Texas Supreme Court Rules on Which Experts Qualify for Civil Commitment Trial
by Matt Clarke
On August 31, 2012, the Supreme Court of Texas held that an expert who testifies in a civil commitment proceeding under the Texas Civil Commitment of Sexually Violent Predators Act (CCSVPA), Chapter 861, Texas Health and Safety Code, need not be a physician or psychologist.
Michael Wayne Bohannan was convicted of several sex-related offenses and sex-related parole violations, including crimes against children, over a period of 24 years. Prior to his latest release from prison, the state petitioned for his commitment pursuant to the CCSVPA. This triggered a civil commitment trial before a jury.
For the trial, the state designated two experts: one was a board-certified forensic psychologist and the other a board-certified forensic psychiatrist. Bohannan designated Dr. Anna Shursen, who is a licensed professional counselor and a licensed sex offender treatment provider, and holds a doctoral degree in family sciences and family therapy.
Before the trial, the state filed a motion to exclude Shursen's testimony. The court granted the motion, finding that she "'lacked the forensic training and experience to answer the ultimate question', viz 'whether Bohannan suffers from a behavioral abnormality that predisposes him to commit predatory acts of sexual violence.’" Bohannan was civilly committed and appealed.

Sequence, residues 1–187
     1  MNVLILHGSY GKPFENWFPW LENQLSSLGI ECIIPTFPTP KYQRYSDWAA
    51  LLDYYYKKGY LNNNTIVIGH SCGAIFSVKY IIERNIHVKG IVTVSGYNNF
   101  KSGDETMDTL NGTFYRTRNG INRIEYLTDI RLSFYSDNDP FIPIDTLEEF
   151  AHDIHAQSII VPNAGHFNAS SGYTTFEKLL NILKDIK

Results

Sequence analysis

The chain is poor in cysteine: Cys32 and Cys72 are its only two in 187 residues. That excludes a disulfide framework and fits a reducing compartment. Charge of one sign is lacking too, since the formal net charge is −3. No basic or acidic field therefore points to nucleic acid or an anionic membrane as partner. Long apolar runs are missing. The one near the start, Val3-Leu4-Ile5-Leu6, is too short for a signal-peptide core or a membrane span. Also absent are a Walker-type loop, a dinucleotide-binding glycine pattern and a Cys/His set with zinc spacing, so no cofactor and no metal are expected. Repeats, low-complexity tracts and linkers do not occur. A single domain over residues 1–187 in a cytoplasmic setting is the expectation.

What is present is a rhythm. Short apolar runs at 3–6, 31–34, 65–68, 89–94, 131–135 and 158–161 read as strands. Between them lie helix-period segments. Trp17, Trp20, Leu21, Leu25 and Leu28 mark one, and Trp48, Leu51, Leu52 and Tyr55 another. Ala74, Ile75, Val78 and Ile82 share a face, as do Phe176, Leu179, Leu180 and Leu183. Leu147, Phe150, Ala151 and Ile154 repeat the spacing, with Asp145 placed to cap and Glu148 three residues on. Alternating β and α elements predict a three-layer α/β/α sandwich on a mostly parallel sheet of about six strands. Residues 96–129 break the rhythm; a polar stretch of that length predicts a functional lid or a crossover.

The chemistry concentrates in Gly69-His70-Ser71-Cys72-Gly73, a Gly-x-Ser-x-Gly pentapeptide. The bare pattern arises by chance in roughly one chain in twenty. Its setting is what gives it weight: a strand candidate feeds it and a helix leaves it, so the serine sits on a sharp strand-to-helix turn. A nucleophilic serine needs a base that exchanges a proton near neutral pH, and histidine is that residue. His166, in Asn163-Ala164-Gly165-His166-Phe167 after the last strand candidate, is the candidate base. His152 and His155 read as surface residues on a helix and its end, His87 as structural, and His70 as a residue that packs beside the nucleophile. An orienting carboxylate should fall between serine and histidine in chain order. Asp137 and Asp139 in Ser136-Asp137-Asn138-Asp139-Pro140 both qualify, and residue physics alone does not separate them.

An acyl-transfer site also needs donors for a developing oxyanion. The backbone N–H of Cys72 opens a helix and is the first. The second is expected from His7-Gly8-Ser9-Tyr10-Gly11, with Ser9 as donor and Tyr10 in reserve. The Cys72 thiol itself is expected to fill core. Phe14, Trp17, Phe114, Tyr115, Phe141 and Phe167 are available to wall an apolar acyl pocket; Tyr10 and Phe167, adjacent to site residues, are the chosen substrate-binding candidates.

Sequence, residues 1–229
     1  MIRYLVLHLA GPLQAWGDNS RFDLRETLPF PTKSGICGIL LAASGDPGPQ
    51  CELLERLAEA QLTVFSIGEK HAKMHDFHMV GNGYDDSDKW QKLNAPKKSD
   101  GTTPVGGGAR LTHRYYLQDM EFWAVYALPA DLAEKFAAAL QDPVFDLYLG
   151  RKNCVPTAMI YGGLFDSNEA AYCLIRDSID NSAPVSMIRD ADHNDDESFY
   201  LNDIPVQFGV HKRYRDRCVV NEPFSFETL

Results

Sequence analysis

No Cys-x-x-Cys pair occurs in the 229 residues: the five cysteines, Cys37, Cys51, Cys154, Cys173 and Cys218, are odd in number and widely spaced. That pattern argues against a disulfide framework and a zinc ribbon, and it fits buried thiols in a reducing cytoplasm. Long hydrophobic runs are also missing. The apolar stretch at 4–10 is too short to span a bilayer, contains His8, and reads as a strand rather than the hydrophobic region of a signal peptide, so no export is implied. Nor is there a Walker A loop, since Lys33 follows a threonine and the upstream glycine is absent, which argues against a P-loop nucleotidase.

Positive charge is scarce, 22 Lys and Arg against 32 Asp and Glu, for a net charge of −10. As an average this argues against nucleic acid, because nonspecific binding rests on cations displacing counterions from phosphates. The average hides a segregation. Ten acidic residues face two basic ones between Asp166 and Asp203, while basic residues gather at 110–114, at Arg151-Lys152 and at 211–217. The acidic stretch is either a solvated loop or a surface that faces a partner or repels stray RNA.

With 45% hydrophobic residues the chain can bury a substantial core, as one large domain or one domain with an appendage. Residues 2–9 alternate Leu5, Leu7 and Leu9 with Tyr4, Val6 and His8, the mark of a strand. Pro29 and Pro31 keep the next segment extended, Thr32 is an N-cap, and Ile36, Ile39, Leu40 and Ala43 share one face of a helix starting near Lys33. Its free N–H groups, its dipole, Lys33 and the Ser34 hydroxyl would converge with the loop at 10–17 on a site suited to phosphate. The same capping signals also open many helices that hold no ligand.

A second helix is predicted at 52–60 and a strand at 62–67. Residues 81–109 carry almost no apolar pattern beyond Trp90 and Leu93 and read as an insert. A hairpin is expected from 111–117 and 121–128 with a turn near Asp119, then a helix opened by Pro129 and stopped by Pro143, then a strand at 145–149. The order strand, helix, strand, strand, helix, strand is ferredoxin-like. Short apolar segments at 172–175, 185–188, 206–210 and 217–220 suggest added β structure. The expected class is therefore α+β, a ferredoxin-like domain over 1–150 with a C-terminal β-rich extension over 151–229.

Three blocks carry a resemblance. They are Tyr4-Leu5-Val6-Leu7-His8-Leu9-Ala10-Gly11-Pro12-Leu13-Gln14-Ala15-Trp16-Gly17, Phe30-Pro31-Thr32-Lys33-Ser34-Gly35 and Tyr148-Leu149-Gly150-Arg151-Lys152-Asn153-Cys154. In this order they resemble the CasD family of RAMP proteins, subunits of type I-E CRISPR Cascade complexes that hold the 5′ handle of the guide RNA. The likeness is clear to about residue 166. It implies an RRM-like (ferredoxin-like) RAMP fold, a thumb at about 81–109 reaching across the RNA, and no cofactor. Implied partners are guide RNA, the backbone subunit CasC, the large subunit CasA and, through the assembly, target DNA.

The Court of Appeals held that someone "like Shursen, trained in applying actuarial tests evaluating the risk of recidivism, and experienced in recognizing that risk among patients, is qualified to testify whether a person satisfied that part of the definition of abnormality." Holding that the testimony's exclusion was harmful error, it reversed the case for a new trial.
The state filed a petition for review which the Supreme Court granted.
The Supreme Court disagreed with the details of the reasoning of the Court of Appeals, but agreed with its ultimate conclusion. The court held that the single, unified issue is whether a person "suffers from a behavioral abnormality that makes the person likely to engage in a predatory act of sexual violence." An expert whose testimony can assist the jury to determine this issue should be allowed to testify.
The Supreme Court held that the CCSVPA "is no impediment to the admission of non-medical expert testimony in an SVP commitment proceeding." All that is required by the CCSVPA is that the expert "make a clinical assessment based on testing for psychopathy, a clinical interview, and other appropriate assessments and techniques." This Shursen had done. The court held that, provided the expert has the training and experience necessary to perform the required assessment, which Shursen had, the "usefulness of the expert's opinion in assisting the trier-of-fact rests not on the type of license the expert holds but on the expert's knowledge, training, and experience in dealing with sexual offenders."
The Supreme Court concluded that the trial court abused its discretion in excluding Shursen's testimony. Since the state did not challenge the holding by the Court of Appeals that this was harmful, that holding remained intact and the judgment of the court of appeals was affirmed. See: In re Commitment of Bohannan, 388 S.W.3d 296 (Tex. 2012).
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Related legal case
In re Commitment of Bohannan
|Cite||388 S.W.3d 296 (Tex. 2012)|
|Level||State Supreme Court|